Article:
Saturday, December 02, 2006

Eleanor Clift Applauds Webb's Smackdown on Bush

As I wrote yesterday, Jim Webb actually showed a lot of restraint when George W. Bush tried to bully him into talking about his U.S. Marine-son (who's in Iraq) at a recent White House event and Virginia's Senator-elect simply responded with “that’s between me and my boy.” Webb's got a son who has already come mighty close to being blown to pieces in the war Bush created over nothing and there are a few idiots who actually think Webb should have responded in a more genteel, collegial way.

Eleanor Clift, of Newsweek, posted an excellent column yesterday in which she echoes my sentiments very effectively. An excerpt:
A more seasoned politician might have been flattered that the president knew his son was in the line of fire and bothered to ask about him. That wouldn’t be Webb, a best-selling author who got into electoral politics for primarily one reason, his opposition to the Iraq war. “I’d like to get them out of Iraq,” he replied, according to several published accounts. “That’s not what I asked you,” Bush said, repeating his question: “How’s your boy?” Webb’s reply: “That’s between me and my boy.” Afterward, a source told The Hill newspaper that Webb was so angered by the exchange he was tempted to slug the guy. That might have prompted the Secret Service to pull their weapons, which wouldn’t have been the first time Webb, a highly decorated Vietnam combat veteran, faced the barrel of a gun.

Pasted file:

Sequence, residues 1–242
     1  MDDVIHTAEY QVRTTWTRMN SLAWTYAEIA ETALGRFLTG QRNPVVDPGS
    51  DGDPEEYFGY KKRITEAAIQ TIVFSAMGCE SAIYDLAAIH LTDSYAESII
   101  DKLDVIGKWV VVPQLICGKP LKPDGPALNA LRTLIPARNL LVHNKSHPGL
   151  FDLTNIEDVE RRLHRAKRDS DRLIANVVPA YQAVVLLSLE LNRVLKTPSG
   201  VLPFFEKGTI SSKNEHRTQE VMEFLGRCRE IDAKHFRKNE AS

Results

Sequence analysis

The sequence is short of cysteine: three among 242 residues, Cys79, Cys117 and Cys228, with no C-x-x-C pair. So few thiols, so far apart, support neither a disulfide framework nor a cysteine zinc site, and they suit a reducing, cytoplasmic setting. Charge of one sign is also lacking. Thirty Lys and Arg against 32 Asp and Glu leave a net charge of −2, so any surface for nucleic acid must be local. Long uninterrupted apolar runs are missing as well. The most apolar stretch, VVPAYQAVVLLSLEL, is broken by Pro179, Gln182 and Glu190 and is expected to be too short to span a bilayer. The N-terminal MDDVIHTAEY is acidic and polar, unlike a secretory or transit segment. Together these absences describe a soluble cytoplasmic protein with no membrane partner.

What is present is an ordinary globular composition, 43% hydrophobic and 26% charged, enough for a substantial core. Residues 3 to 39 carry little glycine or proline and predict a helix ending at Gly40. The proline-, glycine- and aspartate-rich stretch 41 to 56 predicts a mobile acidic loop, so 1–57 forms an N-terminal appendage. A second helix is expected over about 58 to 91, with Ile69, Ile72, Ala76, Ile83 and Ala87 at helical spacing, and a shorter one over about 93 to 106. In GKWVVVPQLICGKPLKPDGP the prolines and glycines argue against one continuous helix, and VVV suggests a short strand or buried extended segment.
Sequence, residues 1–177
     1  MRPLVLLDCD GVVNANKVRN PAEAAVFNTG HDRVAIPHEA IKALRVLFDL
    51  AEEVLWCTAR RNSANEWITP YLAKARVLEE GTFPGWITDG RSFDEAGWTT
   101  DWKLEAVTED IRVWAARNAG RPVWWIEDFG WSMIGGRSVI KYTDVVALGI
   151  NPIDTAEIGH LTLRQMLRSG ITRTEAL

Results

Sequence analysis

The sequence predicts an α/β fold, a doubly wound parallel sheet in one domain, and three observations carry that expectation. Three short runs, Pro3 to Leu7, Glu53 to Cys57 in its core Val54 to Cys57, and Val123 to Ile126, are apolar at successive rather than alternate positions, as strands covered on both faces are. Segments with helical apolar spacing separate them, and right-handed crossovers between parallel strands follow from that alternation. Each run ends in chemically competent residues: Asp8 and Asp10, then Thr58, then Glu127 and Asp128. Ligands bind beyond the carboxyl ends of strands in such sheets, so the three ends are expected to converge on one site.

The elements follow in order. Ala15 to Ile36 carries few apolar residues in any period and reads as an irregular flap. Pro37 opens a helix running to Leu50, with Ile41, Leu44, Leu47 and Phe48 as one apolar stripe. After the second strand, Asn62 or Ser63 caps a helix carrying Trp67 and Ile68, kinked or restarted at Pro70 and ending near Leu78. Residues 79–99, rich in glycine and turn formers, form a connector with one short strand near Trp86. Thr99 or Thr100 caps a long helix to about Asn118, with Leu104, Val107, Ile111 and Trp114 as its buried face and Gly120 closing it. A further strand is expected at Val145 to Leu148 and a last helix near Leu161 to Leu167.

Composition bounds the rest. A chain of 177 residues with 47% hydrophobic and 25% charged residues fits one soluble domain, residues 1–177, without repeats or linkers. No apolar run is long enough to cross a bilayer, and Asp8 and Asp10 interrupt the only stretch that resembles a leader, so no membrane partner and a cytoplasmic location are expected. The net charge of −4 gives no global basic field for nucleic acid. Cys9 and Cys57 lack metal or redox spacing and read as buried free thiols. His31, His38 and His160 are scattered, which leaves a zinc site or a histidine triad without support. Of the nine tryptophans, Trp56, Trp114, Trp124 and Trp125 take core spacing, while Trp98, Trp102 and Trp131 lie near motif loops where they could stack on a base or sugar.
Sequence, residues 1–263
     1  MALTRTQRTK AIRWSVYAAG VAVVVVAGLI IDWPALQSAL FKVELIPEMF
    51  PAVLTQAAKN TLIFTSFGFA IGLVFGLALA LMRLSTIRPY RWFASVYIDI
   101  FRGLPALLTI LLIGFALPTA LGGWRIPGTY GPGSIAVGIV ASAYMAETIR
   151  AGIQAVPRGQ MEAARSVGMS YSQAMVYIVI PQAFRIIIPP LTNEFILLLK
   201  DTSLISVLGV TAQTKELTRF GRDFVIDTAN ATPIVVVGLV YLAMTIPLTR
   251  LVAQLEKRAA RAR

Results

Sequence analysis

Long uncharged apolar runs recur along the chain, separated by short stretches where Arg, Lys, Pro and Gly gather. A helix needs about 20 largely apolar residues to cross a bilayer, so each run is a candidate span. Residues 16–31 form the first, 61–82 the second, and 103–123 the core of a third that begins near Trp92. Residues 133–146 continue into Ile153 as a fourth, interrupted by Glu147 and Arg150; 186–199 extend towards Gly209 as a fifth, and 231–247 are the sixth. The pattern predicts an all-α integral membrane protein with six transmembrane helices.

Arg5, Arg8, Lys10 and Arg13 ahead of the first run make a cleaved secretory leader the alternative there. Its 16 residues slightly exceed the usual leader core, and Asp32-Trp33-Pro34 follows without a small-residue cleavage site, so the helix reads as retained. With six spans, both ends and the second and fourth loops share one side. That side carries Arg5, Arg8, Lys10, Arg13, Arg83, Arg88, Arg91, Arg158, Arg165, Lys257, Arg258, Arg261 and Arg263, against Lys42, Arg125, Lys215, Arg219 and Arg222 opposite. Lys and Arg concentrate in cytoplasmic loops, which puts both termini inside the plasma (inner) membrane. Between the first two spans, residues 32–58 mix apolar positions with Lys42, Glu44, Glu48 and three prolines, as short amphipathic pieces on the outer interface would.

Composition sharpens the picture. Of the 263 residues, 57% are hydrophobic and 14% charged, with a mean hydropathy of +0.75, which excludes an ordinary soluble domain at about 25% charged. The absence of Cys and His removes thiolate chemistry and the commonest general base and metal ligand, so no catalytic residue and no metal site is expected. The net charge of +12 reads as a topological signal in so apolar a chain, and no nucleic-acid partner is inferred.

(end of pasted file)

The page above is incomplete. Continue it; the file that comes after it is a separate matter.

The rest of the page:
A quirky individualist who wants no part of the phony collegiality of Washington, Webb was rightly insulted when Bush pressed him in that bullying way—“That’s not what I asked you”—trying to force the conversation back to Webb’s son. Webb could have asked how the Bush girls are doing, partying their way across Argentina. He could have told Bush he was worried about his son; the vehicle next to him was blown up recently, killing three Marines. Given the contrast between their respective offspring, Webb showed restraint.

But that’s not how much of official Washington reacted. Columnist George F. Will was the most offended, declaring civility dead and Webb a boor and a “pompous poseur.” Were the etiquette police as exercised when Vice President Dick Cheney told Democratic Sen. Patrick Leahy to perform an anatomically impossible act on the Senate floor? Or is that amusing by Washington’s odd standards?
It's an excellent read and you can get the whole thing here.